Ontario's Metrolinx transportation agency has placed a $770-million order with Bombardier Transportation to buy 182 light rail vehicles after the province gave the green light to its transit expansion plan.
The vehicles, to be assembled in Thunder Bay, Ont., will be delivered between 2013 and 2020. They are expected to create 4,000 direct and indirect jobs.
The order flows out of a $851-million contract signed in June 2009 by Toronto Transit Commission for 204 low-floor streetcars. The TTC assigned the options to Metrolinx.
The government-owned regional transportation agency still has an option for up to 118 more vehicles. Another option for 100 vehicles has yet to be assigned.
The light rail vehicles to be used on five corridors in the Toronto area are slightly different than the city's traditional streetcars. They are a little longer, can carry more people and use a different power system.
"This order further solidifies our presence in Ontario and highlights Bombardier's proven state-of-the-art light rail technology, which is available to all cities in North America," said Raymond Bachant, North American president of Bombardier Transportation.
The light rail cars are Bombardier's Flexity low-floor cars that each have capacity for more than 280 passengers.
The contract flows from the Ontario government's formal approval of Metrolinx's plan to build five give transit projects over the next decade.
The vehicles will be used on four light rail transit projects in Toronto: Sheppard East, Eglinton Crosstown, Finch and Scarborough replacement/extension.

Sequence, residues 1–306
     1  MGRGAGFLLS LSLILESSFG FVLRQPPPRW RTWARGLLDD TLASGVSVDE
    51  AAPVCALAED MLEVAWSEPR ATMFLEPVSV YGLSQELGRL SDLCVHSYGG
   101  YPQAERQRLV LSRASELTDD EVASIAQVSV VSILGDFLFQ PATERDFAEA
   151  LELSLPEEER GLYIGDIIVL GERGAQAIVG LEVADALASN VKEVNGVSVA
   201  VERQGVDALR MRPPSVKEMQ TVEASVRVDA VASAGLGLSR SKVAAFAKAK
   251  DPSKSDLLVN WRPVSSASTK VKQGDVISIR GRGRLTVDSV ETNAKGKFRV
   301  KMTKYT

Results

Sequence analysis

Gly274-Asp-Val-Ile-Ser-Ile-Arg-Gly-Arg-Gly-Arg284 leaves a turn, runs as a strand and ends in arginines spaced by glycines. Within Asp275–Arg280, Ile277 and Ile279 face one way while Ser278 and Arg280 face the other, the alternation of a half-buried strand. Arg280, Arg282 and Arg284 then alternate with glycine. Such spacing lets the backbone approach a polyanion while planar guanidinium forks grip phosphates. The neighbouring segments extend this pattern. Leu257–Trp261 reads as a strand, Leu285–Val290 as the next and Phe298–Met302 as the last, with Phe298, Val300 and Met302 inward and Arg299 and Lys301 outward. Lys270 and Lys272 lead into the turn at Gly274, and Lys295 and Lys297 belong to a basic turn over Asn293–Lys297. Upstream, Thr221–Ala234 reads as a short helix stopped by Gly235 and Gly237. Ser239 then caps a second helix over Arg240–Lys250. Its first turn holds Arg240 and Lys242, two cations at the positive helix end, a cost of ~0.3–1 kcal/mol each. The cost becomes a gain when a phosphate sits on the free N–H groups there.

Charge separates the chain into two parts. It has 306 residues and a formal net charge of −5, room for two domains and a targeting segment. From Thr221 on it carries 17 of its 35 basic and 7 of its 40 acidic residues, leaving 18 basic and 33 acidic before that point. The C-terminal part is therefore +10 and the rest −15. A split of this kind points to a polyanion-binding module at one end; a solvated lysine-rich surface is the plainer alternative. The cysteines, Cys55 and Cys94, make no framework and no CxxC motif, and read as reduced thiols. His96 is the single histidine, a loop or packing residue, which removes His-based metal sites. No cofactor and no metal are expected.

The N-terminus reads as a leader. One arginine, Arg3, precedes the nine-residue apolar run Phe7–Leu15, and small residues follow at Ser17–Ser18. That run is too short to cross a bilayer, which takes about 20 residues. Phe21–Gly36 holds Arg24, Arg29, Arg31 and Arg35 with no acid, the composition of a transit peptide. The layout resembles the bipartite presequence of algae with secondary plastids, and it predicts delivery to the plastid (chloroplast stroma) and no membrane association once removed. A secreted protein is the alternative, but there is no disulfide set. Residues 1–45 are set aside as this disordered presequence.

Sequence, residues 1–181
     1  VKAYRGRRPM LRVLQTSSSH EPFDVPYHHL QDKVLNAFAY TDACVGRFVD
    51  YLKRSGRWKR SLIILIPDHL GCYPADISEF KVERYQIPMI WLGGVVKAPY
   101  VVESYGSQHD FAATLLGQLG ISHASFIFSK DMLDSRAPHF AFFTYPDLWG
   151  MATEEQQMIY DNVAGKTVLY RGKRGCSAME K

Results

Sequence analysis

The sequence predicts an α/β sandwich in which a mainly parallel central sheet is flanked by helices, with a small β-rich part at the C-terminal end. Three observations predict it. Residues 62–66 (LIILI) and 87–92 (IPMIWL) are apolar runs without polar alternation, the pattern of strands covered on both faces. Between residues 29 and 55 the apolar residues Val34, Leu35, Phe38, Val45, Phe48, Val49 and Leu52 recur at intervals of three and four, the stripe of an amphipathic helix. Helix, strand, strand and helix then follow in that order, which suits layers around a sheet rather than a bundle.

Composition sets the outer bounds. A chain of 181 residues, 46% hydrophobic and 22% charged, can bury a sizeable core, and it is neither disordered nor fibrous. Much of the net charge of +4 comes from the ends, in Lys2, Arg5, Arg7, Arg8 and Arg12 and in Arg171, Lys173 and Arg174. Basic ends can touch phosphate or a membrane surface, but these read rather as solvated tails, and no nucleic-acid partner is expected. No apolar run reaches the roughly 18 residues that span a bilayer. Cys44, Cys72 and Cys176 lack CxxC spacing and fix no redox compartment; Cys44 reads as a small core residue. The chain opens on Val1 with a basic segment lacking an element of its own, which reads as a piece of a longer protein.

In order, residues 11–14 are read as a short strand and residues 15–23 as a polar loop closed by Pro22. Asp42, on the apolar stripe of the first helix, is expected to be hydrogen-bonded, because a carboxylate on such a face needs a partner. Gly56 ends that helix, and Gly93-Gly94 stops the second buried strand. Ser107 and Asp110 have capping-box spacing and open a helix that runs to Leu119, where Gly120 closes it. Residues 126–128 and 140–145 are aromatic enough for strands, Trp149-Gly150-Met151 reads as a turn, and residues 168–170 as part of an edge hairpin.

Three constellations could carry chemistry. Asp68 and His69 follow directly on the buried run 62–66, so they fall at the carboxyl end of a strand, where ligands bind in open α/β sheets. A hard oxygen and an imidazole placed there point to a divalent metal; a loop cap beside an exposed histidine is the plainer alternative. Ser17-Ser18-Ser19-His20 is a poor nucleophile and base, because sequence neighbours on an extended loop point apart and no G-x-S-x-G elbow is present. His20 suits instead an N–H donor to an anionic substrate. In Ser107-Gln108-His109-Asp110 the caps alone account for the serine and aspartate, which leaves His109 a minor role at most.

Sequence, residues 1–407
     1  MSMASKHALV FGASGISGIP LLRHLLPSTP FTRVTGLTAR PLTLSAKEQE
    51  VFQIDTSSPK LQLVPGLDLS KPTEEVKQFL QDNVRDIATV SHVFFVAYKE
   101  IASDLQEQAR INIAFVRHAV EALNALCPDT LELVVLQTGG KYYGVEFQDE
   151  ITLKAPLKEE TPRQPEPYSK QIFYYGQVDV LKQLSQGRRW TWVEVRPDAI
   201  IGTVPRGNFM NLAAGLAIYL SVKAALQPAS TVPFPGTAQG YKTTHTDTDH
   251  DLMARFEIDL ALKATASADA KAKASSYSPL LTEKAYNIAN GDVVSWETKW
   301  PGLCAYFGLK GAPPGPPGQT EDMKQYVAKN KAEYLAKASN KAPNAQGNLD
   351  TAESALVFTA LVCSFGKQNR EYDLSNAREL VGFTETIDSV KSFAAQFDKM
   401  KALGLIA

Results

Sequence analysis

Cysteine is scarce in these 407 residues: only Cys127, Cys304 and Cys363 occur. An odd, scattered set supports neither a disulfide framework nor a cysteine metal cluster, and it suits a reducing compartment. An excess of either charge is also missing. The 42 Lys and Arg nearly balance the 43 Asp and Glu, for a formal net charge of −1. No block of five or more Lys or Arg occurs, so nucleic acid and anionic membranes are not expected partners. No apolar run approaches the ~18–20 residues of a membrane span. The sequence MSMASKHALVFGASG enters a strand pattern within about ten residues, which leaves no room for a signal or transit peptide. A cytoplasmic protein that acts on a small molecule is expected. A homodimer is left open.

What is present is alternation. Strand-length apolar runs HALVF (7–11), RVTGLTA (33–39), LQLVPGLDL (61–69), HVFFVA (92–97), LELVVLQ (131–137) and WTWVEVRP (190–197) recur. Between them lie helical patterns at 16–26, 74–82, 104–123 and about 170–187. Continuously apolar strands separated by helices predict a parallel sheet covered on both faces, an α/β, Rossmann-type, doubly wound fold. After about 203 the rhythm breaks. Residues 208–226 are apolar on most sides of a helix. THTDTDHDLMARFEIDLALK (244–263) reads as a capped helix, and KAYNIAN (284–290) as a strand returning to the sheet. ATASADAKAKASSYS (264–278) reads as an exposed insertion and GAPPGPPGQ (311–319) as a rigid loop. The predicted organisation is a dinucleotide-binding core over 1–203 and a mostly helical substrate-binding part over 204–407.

Ontario Transportation Minister Kathleen Wynne said the program is part of the province's plan to create and support jobs that build the province's future vitality.
"We know that the Big 5 transit projects are integral to an economically vibrant and sustainable future for a part of the province which is expected to grow considerably over the coming decades," she stated.
Metrolinx president and CEO Robert Prichard said the transportation agency is making good progress on its plan.
"Committing to buy these vehicles is a crucial milestone in realizing these four major rapid transit projects in Toronto," he said.
Similar tramway-style systems are used in Switzerland, Austria, Poland, Turkey, Belgium, France, Spain, Italy and Germany.
Analyst Benoit Poirier of Desjardins Securities said the contract should help boost Bombardier's free cash flow in its second quarter, since it already has three large orders valued at US$2.7-billion from Switzerland and Toronto.
"We expect a positive reaction in the shares today as we believe today's contract announcement was not widely expected," he wrote in a report.
Berlin-based Bombardier Transportation is the railway division of Bombardier Inc., which is the world's third-largest aircraft manufacturer.